Why live in a condo?
A condominium is the best of both worlds. You have the advantage of ownership, without the hassles of maintenance, repairs and security concerns. For singles, couples and families, owning a condominium offers the freedom to enjoy the good things – and time to concentrate on the important things.
Owning a condominium allows you to enjoy all the benefits of a fine home, with the added benefits of amenities, enhanced security, increased affordability and ease of maintenance. Some of the amenities include 24 hour concierge, high-tech security surveillance, recreation and fitness facilities, plus the convenience of not having to shovel snow or cut grass.
As a condo owner, you will have complete access to all community recreational facilities. When looking for a condo, make sure you have a careful look at the Amenities Floorplan to ensure that you are aware of all additional lifestyle features.
Entertainment & Entertaining
To find out what kind of amenities your community features, please refer to the building’s amenity floor plan for complete details. Many communities offer amenities such as indoor swimming pools, hot tubs, fully equipped exercise rooms, entertainment lounges with kitchen facilities, virtual golf rooms, billiards and cards rooms. Amenity offerings depend on the size of the condominium building, so be sure to understand what amenities exist prior to making on offer on a unit.
Lobby & Landscaping
Many lobbies are meticulously decorated and designed with sophistication. Depending on the community, where landscaping features exist, professionals work hard to make your community a natural paradise all year long.
Access to most condominium buildings is controlled either by either a concierge in the lobby and/or standard computerized access-card entry systems . Twenty-four hours a day, seven days a week. Security personnel not only monitor who comes and goes, but they also oversee a network of video cameras strategically positioned throughout your community. In addition, there are two-way voice communication stations for emergencies.
Garage & Home Security
Personal hand-held emergency devices can activate alarm-sensors in the garage. Residents receive a personal remote-control transmitter or a car transponder to enter the underground parking and a computerized access-card for entry to common areas.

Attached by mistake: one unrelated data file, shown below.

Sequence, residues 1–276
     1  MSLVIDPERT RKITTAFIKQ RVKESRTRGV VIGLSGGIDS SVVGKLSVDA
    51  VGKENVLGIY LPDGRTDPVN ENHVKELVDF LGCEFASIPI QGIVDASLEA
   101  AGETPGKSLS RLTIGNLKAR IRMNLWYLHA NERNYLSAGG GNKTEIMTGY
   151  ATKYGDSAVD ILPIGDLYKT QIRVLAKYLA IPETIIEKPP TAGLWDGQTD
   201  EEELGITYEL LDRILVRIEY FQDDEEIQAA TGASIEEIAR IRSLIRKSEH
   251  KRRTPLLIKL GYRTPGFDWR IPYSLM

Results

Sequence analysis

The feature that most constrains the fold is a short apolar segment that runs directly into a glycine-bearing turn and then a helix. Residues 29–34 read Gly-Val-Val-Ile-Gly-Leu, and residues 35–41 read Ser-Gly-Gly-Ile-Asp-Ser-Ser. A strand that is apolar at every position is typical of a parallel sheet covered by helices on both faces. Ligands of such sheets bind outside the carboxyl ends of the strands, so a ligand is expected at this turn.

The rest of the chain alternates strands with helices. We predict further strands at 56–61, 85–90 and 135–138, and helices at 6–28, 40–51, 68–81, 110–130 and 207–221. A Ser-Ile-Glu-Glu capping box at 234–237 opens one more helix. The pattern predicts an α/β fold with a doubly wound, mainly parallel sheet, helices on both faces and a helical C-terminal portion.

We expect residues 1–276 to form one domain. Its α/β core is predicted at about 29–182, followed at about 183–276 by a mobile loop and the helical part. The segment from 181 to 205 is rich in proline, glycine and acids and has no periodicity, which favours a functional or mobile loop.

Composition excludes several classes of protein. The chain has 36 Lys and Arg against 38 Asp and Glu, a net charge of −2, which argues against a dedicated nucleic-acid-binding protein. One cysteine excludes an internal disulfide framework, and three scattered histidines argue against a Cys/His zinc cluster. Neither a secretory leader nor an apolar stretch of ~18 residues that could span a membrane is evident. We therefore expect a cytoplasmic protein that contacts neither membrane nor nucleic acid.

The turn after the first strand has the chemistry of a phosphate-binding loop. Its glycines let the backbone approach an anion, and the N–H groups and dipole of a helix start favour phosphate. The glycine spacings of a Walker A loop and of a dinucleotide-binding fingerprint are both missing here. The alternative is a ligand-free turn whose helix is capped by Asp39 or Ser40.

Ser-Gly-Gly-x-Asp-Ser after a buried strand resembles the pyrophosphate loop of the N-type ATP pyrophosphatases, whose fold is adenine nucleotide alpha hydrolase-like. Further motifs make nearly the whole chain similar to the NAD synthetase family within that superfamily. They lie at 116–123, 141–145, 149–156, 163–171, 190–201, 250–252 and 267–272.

Intrusion alarms can be personally encoded and are a standard feature in most suites. It is not uncommon for ground-floor homes to also be outfitted with interior motion detectors and magnetic contacts on exterior doors and windows. Things like extra-bright lighting in the underground garages and elevator lobby areas with glass windows that allow a clear view into parking areas are addition security features of buildings that often go overlooked.
All developers take great care to incorporate many different fire-safety features into its communities. All stairwells and elevator shafts are pressurized and receive a separate supply of fresh air to provide a safe and smoke free exit. Garbage chutes and lower garbage rooms have heat detectors and there is a sprinkler system that activates automatically should the need arise. Common hallways have smoke-and-heat-sensors, a fire hose and a direct contact firefighters’ telephone.
How is Condominium living different?
A Condominium is actually a legal definition that refers to the method of ownership, not the type of building.
Any type of home – including suites in low rise or high rise towers or townhomes – can be a condominium.
When you buy a condominium, you own the interior space of your home outright. Then you and all the other homeowners in your condominium community jointly own all the other physical and mechanical structures, from the hallways and elevators to the recreational facilities and the outside grounds. These are for the shared use of all owners and are called “common elements”. Your balcony or patio is also considered a common element, but it’s what’s known as an exclusive use common element. This means only you can use it, but the maintenance is not your responsibility.
Also referred to as common area expenses. Maintenance fees are a monthly charge (your share) for the utilities, regular upkeep, management, administration and insurance for the common element areas. The fees vary according to project and home size. Each homeowner’s portion of these expenses is set out in the budget statement, which lists the percentage for which each unit is responsible.
But for many people, the maintenance costs involved with living in a condominium are offset by expenses they used to have when they lived elsewhere. For example, you may no longer find it necessary to belong to an expensive health club or recreation club (not to mention the time and energy you spend getting there).